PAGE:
Does your dog suffer from cracked paws? This is a relatively common condition where the foot pads on a dog become dry and cracked. This condition can happen in either summer or winter, although it’s more common in the winter when dogs walk on snow, ice, and frozen pavement. During the warmer months, dogs can develop cracked paws due to exposure to lawn products and fertilizers as well as chemicals used on indoor flooring. A less common cause of cracked paw pads is zinc deficiency which can be detected through a blood test performed by your veterinarian. Other medical conditions which can cause cracked paws include yeast infections involving the food pads and autoimmune diseases.
Although cracked paw pads are not always painful to your dog, if left untreated they can become inflamed and secondarily infected. If you notice marked redness or bleeding, bandage up the affected paws and see your veterinarian. Otherwise, you can probably treat this condition at home by taking some simple steps. If the cracking fails to heal after taking these measures, your dog may need veterinary evaluation to rule out other medical conditions such as a yeast infection or underlying autoimmune problem. Here are some tips for treating cracked paw pads:
Limit Your Dog’s Exposure to Potential Triggers
If your dog has sensitive paws, which is not uncommon in older dogs, consider purchasing doggie boots for use during the winter months when your dog is exposed to frozen pavement and ice. Reevaluate the products you use to clean your floors and see if you can substitute a gentler, organic product from a natural food market. Limit your dog’s exposure to lawn chemicals and ice melting products placed on sidewalks in the winter which can trigger cracking. If you use salt to melt ice in your driveway, don’t allow your dog to walk in that area without boots. Can you imagine how it feels to have salt applied to cracked paw pads?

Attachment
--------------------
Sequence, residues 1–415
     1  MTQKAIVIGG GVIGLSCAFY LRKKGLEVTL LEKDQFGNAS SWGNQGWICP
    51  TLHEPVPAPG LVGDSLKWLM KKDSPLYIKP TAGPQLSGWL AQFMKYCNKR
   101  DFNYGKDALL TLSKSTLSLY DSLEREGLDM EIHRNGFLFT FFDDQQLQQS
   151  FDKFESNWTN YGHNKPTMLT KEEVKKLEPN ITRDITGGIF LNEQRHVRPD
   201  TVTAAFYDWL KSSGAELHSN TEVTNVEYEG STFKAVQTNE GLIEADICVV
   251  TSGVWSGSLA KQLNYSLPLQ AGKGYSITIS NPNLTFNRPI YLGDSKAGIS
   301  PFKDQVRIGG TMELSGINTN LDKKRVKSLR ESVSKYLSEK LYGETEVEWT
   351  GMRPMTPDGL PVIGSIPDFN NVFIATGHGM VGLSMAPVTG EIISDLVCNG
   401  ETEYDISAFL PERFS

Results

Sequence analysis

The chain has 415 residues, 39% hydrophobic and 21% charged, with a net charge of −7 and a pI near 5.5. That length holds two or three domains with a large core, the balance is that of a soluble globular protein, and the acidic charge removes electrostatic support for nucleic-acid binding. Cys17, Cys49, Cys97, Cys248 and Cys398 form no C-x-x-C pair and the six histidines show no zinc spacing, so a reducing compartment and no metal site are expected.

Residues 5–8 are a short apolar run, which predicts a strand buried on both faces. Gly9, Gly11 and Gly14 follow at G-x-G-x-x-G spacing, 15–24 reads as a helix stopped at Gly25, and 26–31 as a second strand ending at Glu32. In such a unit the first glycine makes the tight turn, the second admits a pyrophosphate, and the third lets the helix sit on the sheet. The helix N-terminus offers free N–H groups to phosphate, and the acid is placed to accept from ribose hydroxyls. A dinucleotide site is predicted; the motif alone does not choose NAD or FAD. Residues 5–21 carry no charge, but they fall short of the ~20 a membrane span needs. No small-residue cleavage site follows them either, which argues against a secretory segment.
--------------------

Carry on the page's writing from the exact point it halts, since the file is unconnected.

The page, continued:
Consider Your Dog’s Nutritional Status
As previously mentioned, zinc deficiency can cause dryness and cracking of the paw pads. To be sure this isn’t the cause, have your vet check your dog’s zinc levels. One possible nutritional approach to this problem is to add omega-3’s to your dog’s diet. One of the best ways to do this is to simply add fish oils directly to your dog’s food. To avoid problems with diarrhea, add small amounts initially and gradually increase the dose as tolerated. You may also notice that other skin and coat conditions respond favorably to this treatment.
Don’t allow your dog to bite or nibble at his cracked pads as this can exacerbate the problem and could lead to secondary infection. The best way to prevent this behavior is to soothe the area by applying Vaseline to the cracked paw pads several times a day. This can help with the healing process also. You may also want to apply a protective bootie to keep the area out of reach of your dog’s tongue and teeth.
Most cases of cracked paw pads will respond to home treatment. If the condition fails to resolve within a few weeks, be sure to have your dog evaluated by his veterinarian.